Whether you just moved into a new home, or you're trying to spruce up the house you’ve lived in for years, making some simple repairs to the deck can give a big boost to your outdoor living space. Aesthetic issues aside, safety is another reason to make sure our wooden porch structures are free from damage or excessive wear. Let’s look at a few common problems with decks and some easy solutions.
1. Sinking Posts
Does your deck run drastically downhill? It could be the posts that bear the weight of your deck have begun to sink. If the posts were not placed deep enough into the ground and you live in a Northern climate, then the yearly action of freezing and thawing pushes your posts deeper into the ground. As the posts sink, so goes the deck.
There are several ways to combat this problem. Ideally, you won’t have to remove any floorboards from the deck to perform the repairs, but if there is not enough clearance under the deck for you to work, you may have to remove a portion of the floor so you can access the bad post.
Place a car jack under the joist closest to the bad post. Slowly raise the deck to the point where it is level again. It is important you do not do this too quickly. Speed may cause the wood to separate or joist hangers to pull apart. Just make incremental lifts, pausing to listen between each one. If something is breaking or pulling apart you will hear it.
Once the deck is level, slide a length of pipe into the hole under the post. The dirt should be loose around the post from where you just lifted it up. Push the pipe down until you meet resistance. Use the pipe like a funnel and slowly pour pea gravel into the bottom of the hole. Work the pipe up and down gently to make sure that as much gravel as possible works into the hole. Repeat this process until the deck maintains the correct level, even when you release the jack.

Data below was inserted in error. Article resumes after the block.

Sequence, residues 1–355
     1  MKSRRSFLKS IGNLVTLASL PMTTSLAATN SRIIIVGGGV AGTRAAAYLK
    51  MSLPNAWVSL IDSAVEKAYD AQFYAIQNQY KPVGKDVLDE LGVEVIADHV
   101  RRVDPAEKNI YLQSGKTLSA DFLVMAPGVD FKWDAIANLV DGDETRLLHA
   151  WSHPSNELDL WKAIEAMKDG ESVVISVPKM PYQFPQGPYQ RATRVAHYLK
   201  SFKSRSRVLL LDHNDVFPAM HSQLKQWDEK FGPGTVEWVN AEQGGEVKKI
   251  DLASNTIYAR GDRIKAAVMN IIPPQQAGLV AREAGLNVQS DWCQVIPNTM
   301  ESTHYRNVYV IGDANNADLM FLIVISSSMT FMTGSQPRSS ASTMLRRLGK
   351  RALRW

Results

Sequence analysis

2. Broken Joists
Over time, the joists that support the floor of your deck can become weak, split or break. Replacing these in a timely manner is vital to maintaining the security and safety of the deck.
Begin by removing every floorboard that touches the affected joist. This may be just a few, or it could be the entire floor. It depends on the size and pattern of your deck. Ideally, the floor was screwed down and you can remove these boards with a cordless driver. If, however, the floor was installed with nails, you must use a hammer and a pry-bar to remove the floorboards. If you plan to re-use the boards, take care not to split them when pulling them up.
Once you have access to the joists, remove the nails that secure the broken joist into its hanger. The joist should just slide right out. Carefully measure the correct length for the new one and slide it into place. If it looks like the hanger is damaged or excessively rusty, then go ahead and replace it as well. After you have secured the joist into the existing or new joist hanger, re-place the floorboards back in their original pattern. If you have to remove a large portion of the floor to access the joist, you may find it helpful to label the floorboards so you have an easier time figuring out where each one goes when the time comes to put them back on.
3. Broken Floor Boards
Broken or splintering floorboards are probably the most common type of deck maintenance required. Since the floor is consistently exposed to the elements, the surface is most likely to suffer the effects of harsh wind, rain, snow, ice and the pounding sun.
Replacing the floorboards is relatively easy. It is just a matter of removing the ones you want to replace and installing the new ones. You can even use the old boards as a template when you are cutting the new ones to the correct size. This assures an accurate fit and helps to maintain the original quality and professional appearance of your deck.
4. Peeling Paint
Maybe you, or someone else, decided somewhere along the way to paint your deck. If this is the case, then you are probably regretting it. In spite of the many advancements that have been made in the paint industry, they still have yet to come up with a good exterior paint that will last on a horizontal surface that continuously gets wet. That means that there really isn’t a paint that will stick well, or long term, to your deck.
The best way to deal with peeling paint on your deck surface is to completely remove and to use a stain. Remember, the paint sits on top of the wood and can peel. Stain actually soaks into the wood and changes the color of the wood itself. It will not peel. Before you can begin staining, use a pressure washer to remove all of the blistering, peelings, and unsightly paint. Then, use a sander to remove any stubborn patches that decided to stick. You want a clean, paint-free surface when you begin applying the stain.